Whipple was given his first commission by the New Hampshire Provincial Congress in 1777. At Saratoga, Whipple was placed in command of a brigade, consisting of four regiments of militia. Whipple commanded Bellow's regiment, Chase's regiment, Moore's regiment, and Welch's regiment. As a result of their meritorious conduct at the Battle of Saratoga, Whipple and Colonel James Wilkinson were then chosen by Major General Horatio Gates to determine terms of capitulation with two representatives of General John Burgoyne. Whipple then signed the Convention of Saratoga, the effective surrender of General Burgoyne and his troops. Whipple was then appointed along with several other officers to escort Burgoyne and his army back to Winter Hill, Somerville, Massachusetts. Whipple passed the news of the victory at Saratoga to Captain John Paul Jones, who informed Benjamin Franklin, who was in Paris at the time. News of the victory proved valuable to Franklin throughout alliance negotiations with the French. In 1778, Whipple followed his commanding officer, General John Sullivan to the Battle of Rhode Island, where he commanded Evans' regiment, Peabody's regiment, and Langdon's light horse regiment. After General Sullivan ordered retreat, Whipple and other officers resided in a house near the battlefield. The approaching enemy fired a field piece from a range of three-quarters of a mile. The shot first tore through a horse lashed outside the house before severely wounding the leg of one of Whipple's brigade majors, which later required amputation.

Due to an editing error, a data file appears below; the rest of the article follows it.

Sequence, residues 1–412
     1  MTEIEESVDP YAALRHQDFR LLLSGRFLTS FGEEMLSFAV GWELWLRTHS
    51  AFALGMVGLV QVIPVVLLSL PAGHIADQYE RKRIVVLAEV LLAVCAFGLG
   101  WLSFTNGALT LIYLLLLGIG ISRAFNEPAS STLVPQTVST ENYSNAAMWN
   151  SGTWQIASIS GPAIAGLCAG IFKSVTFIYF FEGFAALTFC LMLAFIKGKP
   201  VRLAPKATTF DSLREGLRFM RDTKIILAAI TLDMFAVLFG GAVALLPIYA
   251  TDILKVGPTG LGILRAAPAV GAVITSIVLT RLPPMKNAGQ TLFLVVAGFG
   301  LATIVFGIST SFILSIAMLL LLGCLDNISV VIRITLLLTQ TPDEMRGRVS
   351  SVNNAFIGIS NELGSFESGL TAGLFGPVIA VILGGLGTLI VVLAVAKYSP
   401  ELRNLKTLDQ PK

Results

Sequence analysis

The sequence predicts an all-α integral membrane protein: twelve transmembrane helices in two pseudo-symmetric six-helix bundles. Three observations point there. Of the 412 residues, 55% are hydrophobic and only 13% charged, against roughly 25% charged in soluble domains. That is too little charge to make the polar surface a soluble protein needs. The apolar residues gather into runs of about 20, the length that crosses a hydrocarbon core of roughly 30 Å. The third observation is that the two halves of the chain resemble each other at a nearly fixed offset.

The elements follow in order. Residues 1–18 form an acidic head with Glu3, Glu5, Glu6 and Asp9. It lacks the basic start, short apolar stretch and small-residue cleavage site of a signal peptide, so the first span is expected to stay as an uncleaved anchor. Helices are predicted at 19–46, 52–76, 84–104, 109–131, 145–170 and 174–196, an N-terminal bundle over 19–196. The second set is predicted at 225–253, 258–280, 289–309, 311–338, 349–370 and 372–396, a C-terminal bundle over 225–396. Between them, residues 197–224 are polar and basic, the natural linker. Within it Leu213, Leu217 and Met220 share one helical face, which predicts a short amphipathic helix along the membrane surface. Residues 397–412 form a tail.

After the war, Whipple became an Associate Justice of the Superior Court of New Hampshire. He suffered from a heart ailment, and died after fainting from atop his horse while traveling his court circuit. He was buried in what is now the North Cemetery in Portsmouth, New Hampshire. His headstone was replaced with a new memorial in 1976 in conjunction with the United States Bicentennial.
- New Hampshire Historical Marker No. 114: North Cemetery
- William Whipple House, his birthplace in Kittery
- "Signers of the Declaration of Independence: William Whipple".
- "General Whipple's Ancestors".
- DSDI staff (11 December 2011). "William Whipple". The Society of the Descendants of the Signers of the Declaration of Independence.
- Vaughan, Dorothy Mansfield (February 26, 1964). "This Was a Man: A Biography of General William Whipple". New Hampshire: The National Society of The Colonial Dames in the State of New Hampshire. Retrieved January 18, 2003.
- "The Whipples". Moffatt-Ladd House & Garden. Retrieved January 1, 2018.
- Felt, Joseph B. History of Ipswich, Essex and Hamilton. Csambridge, 1834, pages 159-160, 169.
- "Framers of Freedom: William Whipple". Archived from the original on 2015-05-23. Retrieved 2015-03-27.
- "William Whipple and the Declaration of Independence".
- http://www.cr.nps.gov/history/online_books/declaration/bio51.html[dead link]
- http://www.nps.gov/parkhistory/online_books/declaration/bio51.html[dead link]
- Kieffer, Mike. "Founding Father Document - Biography for William Whipple".
- "North Cemetery - Portsmouth, NH". waymarking.com. Retrieved August 24, 2019.
- State Builders: An Illustrated Historical and Biographical Record of the State of New Hampshire. State Builders Publishing Manchester, NH 1903
- Lives of the Signers to the Declaration of Independence. By Rev. Charles A. goodrich, published by William Reed & Co. New York 1829